So, how do you follow a phenomenon that seems entirely self-contained to a single season, setting up and concluding its narrative within its 13 episodes? Luckily, the first season wasn't merely a one-trick pony, successfully mapping out a universe and developing even its most minor characters well enough that's there's still a surprisingly rich well from which to draw, despite now losing most of Jay Asher's YA novel as its guidepost. And after a slow start that makes you wonder whether the producers were more interested in finding ways to shoehorn Golden Globe nominee Katherine Langford back into the show as Hannah, they somehow manage to deliver a sensational, at times jaw-dropping, sophomore season that not only expands the scope of the series, but effectively continues a story many believe had run its course.

By framing the episodes with individual court testimonies, this season provides bigger acting opportunities to a greater number of its hugely impressive cast, still developing into an essential next chapter minus Hannah's tapes or even a particularly sympathetic protagonist. It also benefits from being timelier than its preceding season, tackling more than teen suicide and diving head first into controversial, hot button currently issues facing schools and society as a whole. Everything doesn't work, but with creator Brian Yorkey attempting so much, that was almost inevitable. And while I'm still not sure I'm on board with Netflix's campaign to reframe the completely fictional series as some kind of teaching tool for teens (complete with an accompanying "Beyond The Reasons" special with licensed psychologists), the final result speaks for itself, at least as far as its ability to entertain.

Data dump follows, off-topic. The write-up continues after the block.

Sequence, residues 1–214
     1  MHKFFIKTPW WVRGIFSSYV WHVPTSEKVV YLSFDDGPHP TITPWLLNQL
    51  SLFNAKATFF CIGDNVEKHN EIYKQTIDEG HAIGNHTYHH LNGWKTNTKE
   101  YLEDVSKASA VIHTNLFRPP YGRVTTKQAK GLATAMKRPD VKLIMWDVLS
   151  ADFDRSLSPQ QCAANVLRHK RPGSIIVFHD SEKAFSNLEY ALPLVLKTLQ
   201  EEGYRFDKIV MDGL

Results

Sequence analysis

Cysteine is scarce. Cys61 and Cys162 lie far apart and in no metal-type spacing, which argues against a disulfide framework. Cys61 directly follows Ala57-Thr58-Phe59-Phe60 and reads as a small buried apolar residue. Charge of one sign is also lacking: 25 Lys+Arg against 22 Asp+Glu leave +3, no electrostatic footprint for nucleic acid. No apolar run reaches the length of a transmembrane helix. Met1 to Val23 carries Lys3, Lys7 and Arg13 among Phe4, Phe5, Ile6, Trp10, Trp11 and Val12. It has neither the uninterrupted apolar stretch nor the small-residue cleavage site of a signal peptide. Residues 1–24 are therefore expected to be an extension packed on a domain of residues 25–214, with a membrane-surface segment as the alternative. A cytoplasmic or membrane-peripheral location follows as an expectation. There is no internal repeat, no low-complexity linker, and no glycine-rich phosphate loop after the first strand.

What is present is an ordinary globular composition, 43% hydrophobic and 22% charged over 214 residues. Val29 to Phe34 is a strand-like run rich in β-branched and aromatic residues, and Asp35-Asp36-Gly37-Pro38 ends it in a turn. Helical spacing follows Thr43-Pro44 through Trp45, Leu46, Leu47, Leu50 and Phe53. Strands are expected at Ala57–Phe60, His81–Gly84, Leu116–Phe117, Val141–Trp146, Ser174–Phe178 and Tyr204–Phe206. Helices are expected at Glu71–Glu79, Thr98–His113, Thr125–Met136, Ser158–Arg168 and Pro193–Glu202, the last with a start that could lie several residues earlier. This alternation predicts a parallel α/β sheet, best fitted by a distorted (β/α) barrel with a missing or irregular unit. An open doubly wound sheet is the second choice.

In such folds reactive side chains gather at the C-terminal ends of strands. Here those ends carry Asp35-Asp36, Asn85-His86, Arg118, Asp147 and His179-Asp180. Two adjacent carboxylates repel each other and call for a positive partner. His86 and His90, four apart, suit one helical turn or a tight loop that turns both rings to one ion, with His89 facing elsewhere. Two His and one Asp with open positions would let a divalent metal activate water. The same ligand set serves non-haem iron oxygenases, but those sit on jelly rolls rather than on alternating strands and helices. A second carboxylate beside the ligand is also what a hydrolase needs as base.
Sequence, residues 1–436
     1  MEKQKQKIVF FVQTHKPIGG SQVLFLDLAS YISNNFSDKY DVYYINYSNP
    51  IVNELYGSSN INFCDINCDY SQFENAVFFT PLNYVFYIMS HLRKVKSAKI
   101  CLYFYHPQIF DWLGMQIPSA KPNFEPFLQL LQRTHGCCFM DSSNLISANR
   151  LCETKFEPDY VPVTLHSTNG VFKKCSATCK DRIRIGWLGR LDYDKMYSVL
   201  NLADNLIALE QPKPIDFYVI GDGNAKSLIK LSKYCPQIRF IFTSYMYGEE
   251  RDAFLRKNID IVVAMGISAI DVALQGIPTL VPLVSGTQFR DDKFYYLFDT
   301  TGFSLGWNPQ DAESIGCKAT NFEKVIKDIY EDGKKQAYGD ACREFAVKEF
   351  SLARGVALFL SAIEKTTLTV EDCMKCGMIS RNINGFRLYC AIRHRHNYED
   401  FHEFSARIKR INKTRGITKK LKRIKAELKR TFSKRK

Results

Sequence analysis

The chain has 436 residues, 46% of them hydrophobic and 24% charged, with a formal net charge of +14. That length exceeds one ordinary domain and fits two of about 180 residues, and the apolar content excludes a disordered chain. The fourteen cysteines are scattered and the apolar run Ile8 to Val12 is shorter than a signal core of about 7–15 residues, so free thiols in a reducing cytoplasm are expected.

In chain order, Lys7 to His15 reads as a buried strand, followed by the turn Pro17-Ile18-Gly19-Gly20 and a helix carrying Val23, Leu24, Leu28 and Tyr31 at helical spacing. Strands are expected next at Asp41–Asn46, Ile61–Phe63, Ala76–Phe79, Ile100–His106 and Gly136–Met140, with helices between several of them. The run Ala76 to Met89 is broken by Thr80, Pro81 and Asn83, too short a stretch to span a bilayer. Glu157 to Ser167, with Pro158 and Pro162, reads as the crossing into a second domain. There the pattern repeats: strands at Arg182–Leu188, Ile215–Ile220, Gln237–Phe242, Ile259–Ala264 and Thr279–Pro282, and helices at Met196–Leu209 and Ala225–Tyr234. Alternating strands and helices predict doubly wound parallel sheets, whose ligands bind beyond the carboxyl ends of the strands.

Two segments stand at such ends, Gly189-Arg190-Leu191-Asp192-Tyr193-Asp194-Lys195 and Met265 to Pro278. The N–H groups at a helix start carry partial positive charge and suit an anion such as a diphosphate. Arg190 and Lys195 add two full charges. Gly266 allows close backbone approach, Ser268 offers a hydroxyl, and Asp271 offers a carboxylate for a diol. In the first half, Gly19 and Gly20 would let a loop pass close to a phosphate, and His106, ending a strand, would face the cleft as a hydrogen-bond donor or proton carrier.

Justin Prentice as serial rapist Bryce Walker
Sometimes just honestly depicting serious issues on screen with raw, believable performances and strong writing is enough. And in the case of this second season, it's more than enough, justifying its existence by confronting rape, suicide, sexual abuse, drug abuse, male privilege, bullying, homophobia, slut shaming, vandalism, racism and school shootings head-on. Is it over-the-top? Maybe, but good luck trying to look away or dismiss the discussions sure to emerge from it.

With Hannah Baker (Langford) now gone and her 13 tapes heard by its intended audience, focus shifts to the court case brought against Liberty High by her grieving, now separated parents Olivia (Kate Walsh) and Andy (Brian d'Arcy James) as well as Clay's (Dylan Minette) attempts to move on following the loss of the best friend he considered the love of his life. But he's not having much luck, talking to hallucinations of Hannah as he reaches his psychological breaking point, consumed with proving popular, privileged baseball captain Bryce Walker (Justin Prentice) raped her and exposing a toxic culture of abuse and faculty negligence at Liberty.